We consider the emergent practice of including clauses in corporate certificates of incorporation or bylaws that specify an exclusive judicial forum for lawsuits. According to their proponents and most courts that have considered the question, such forum-terms are, and should be, enforceable as contractual choice-of-forum provisions. We argue that treating corporate charter and bylaw forum-terms as a matter of ordinary contract doctrine is neither logical nor justified. Because charters and bylaws involve the state in ways that are at odds with private-ordering principles and because they entail only a limited form of “consent,” an analysis of enforceability must account for the hybrid nature—public and private—of such terms. Specifically, the state’s role should render forum-terms invalid that oust federal courts of diversity jurisdiction. Likewise, because of a lack of any meaningful consent, a forum-term that applies to a claim that is neither derivative nor brought by a shareholder should not be enforced. In other situations, courts should consider, before enforcing a corporate forum-term, whether adjudicating the entire dispute in the designated forum would be efficient (e.g., whether the court has subject-matter jurisdiction over all claims) or fair (e.g., whether the procedural rules, including the limitations period, of the designated forum are substantially more advantageous to the parties who decided to adopt the forum-term than those of the state that supplies the substantive law). In some cases, efficiency and fairness factors will argue against the forum-term’s enforcement. On the other hand, several factors in other corporate settings and, in particular, in merger-related representative suits, may tip the balance towards enforcement. First, the fact that “consent” by class members to these suits is also limited counter-balances concerns about the limited consent shareholders may have given to the forum-term. Second, a forum-term reduces the ability to avoid the crack-down on “disclosure-only” settlements—that provide broad releases, but entail minimal recovery—that Delaware courts have embarked on. Finally, we consider the implications of corporate forum-terms to debates about interstate competition for incorporation and for corporate litigation. A state may adopt forum-term legislation to enhance its attractiveness as a corporate domicile or to protect shareholders in domestic corporations. However, legislation that discriminates against out-of-state courts and seeks to centralize corporate litigation in the state’s own courts for the benefit of its local bar may be vulnerable to non-enforcement in the courts of sister states.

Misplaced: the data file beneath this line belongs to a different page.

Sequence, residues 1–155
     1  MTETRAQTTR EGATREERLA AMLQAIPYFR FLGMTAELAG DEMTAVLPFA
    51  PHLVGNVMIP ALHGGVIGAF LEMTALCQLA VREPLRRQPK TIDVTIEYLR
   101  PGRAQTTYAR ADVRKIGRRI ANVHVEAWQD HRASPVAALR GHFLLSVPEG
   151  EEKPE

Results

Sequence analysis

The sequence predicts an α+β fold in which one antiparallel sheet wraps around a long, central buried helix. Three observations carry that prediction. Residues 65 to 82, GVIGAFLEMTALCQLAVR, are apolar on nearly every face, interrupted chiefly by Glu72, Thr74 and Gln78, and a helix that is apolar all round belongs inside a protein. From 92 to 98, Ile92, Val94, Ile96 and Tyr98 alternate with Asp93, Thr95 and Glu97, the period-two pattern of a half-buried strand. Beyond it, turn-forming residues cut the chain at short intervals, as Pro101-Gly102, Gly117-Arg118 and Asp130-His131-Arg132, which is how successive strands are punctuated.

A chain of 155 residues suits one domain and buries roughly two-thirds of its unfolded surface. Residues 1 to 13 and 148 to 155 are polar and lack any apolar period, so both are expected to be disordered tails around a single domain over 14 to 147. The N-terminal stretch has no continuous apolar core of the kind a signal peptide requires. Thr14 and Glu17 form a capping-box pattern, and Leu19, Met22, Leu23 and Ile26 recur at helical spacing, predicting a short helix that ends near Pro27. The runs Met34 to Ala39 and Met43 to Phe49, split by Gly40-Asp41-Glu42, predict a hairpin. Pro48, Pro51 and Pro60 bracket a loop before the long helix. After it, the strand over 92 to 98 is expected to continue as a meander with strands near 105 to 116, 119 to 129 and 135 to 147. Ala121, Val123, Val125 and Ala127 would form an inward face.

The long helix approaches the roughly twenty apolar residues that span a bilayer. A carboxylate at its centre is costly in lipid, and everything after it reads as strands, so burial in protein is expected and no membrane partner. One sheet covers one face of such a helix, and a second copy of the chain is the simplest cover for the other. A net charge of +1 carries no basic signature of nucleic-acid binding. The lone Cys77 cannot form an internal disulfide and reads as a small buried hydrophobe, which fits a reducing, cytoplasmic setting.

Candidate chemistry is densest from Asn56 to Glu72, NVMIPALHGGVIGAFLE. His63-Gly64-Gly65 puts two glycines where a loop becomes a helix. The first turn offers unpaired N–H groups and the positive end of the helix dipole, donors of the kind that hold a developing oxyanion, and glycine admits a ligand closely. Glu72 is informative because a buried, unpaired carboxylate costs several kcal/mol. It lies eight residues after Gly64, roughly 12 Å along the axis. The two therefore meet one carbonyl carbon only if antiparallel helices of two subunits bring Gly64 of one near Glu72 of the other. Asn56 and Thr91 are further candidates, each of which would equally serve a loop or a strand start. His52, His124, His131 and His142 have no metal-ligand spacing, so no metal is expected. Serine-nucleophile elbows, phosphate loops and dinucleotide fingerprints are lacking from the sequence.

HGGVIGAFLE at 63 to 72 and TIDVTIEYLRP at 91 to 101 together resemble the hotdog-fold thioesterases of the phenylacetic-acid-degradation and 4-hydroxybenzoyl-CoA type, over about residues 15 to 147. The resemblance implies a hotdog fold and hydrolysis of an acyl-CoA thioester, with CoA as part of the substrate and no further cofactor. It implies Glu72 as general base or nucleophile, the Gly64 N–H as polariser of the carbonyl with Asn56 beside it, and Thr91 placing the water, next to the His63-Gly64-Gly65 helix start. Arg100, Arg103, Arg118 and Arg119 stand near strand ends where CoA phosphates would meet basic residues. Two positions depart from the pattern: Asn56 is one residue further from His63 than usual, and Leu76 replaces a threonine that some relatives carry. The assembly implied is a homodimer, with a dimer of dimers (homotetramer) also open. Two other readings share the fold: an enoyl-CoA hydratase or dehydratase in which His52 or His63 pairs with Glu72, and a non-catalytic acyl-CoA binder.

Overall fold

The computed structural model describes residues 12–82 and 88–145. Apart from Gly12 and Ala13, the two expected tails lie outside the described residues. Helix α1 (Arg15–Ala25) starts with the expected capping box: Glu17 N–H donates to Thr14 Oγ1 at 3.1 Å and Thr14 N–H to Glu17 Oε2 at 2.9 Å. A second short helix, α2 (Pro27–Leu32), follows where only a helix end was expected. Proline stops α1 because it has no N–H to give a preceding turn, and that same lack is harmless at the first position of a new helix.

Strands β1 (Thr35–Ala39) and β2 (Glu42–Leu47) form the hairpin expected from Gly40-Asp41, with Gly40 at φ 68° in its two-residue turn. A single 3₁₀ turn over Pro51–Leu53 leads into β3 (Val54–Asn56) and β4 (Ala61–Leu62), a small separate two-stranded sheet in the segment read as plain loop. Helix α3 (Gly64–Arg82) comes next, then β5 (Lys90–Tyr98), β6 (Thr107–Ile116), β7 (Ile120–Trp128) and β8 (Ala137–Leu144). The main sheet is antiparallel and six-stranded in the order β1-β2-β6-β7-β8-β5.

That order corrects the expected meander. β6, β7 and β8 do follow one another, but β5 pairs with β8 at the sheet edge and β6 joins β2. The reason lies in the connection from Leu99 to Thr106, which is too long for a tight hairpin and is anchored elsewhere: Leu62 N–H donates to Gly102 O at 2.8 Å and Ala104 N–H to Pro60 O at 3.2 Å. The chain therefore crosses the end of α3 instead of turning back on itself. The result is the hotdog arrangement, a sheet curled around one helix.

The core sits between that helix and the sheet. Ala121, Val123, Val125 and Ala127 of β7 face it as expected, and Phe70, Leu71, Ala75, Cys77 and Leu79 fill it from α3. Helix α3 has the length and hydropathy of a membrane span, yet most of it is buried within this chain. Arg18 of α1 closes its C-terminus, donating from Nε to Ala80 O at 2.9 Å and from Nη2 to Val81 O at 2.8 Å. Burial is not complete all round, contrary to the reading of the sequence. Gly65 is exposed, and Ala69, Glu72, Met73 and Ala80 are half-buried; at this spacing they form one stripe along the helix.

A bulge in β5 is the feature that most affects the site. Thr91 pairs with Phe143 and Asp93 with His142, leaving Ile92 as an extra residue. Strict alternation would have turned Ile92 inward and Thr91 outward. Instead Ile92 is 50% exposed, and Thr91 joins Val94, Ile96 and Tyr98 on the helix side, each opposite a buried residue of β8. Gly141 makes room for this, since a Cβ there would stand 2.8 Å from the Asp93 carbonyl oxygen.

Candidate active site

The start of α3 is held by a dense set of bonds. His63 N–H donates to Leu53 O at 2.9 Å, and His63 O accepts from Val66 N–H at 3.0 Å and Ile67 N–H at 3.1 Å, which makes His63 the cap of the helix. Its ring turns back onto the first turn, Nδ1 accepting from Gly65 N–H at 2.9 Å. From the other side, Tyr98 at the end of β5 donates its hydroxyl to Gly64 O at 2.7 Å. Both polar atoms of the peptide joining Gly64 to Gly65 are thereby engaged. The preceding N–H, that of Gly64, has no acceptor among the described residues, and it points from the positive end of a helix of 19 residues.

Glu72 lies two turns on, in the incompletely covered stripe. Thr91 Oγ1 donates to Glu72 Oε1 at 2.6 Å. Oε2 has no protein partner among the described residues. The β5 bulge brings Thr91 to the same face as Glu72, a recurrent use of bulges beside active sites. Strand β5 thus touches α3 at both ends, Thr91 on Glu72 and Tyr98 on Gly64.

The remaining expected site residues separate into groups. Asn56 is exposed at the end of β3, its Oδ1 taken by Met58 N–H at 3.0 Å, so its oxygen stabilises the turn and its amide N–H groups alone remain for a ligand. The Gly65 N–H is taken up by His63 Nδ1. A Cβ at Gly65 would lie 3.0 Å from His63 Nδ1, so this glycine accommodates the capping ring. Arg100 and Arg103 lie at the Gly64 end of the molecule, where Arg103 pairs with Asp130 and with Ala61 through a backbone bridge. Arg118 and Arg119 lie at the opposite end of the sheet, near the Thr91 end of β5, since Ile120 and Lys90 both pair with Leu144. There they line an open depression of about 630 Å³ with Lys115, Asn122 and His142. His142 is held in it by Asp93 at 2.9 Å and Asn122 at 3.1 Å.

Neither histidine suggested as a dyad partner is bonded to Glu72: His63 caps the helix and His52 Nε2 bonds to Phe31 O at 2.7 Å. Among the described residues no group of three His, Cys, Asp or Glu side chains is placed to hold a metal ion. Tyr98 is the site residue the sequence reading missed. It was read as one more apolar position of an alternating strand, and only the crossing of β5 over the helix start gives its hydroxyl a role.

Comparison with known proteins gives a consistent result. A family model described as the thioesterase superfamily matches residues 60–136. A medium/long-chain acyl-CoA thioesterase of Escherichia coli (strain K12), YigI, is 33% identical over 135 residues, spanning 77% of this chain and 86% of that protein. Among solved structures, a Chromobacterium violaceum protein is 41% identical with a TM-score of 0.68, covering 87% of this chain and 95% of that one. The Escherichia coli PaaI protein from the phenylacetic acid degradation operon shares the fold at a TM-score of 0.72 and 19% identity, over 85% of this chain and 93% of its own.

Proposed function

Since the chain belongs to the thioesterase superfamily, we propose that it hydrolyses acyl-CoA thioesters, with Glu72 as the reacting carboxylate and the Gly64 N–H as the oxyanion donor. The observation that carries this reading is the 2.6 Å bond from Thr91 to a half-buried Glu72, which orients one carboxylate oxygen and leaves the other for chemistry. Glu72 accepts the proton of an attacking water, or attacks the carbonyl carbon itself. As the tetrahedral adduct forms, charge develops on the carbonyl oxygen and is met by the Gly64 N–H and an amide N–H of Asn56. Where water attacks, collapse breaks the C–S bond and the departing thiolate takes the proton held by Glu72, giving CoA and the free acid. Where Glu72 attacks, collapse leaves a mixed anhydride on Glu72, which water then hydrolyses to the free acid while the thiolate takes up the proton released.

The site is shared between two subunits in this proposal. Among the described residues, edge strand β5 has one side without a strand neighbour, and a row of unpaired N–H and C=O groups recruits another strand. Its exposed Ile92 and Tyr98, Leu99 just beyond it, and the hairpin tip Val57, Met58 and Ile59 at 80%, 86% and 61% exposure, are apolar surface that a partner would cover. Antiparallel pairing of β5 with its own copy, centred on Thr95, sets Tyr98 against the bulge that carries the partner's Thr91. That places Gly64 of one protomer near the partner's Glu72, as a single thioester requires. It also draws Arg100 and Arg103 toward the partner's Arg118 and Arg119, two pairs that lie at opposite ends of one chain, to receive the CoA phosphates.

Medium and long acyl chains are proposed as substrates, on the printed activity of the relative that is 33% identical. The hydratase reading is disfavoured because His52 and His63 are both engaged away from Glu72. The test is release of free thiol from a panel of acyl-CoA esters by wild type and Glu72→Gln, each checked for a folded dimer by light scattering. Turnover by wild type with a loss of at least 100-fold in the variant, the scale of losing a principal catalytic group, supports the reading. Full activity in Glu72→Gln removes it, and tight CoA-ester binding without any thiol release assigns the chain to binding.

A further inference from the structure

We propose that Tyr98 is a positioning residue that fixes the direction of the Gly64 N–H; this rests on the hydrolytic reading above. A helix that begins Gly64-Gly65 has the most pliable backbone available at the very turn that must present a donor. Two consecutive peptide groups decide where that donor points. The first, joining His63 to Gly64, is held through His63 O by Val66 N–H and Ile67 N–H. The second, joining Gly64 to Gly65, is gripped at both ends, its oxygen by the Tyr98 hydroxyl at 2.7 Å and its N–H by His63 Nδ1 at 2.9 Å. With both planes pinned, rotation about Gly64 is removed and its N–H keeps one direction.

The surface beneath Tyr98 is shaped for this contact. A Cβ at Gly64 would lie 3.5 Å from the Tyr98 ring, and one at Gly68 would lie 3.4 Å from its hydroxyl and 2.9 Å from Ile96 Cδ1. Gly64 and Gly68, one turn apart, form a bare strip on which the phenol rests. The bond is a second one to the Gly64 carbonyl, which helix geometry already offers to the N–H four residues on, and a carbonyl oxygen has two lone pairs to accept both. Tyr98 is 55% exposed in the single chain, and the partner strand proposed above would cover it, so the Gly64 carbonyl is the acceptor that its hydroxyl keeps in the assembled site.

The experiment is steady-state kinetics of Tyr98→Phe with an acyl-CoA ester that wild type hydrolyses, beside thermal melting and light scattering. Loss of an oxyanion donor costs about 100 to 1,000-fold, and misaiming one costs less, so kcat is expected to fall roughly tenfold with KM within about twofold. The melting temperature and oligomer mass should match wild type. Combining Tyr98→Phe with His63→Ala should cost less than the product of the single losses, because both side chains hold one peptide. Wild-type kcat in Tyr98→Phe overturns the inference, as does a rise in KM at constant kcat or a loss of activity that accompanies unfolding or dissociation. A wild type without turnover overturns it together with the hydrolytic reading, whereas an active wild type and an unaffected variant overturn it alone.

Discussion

Helen Hershkoff & Marcel Kahan,
Forum-Selection Provisions in Corporate "Contracts",
93 Wash. L. Rev.
Available at: https://digitalcommons.law.uw.edu/wlr/vol93/iss1/6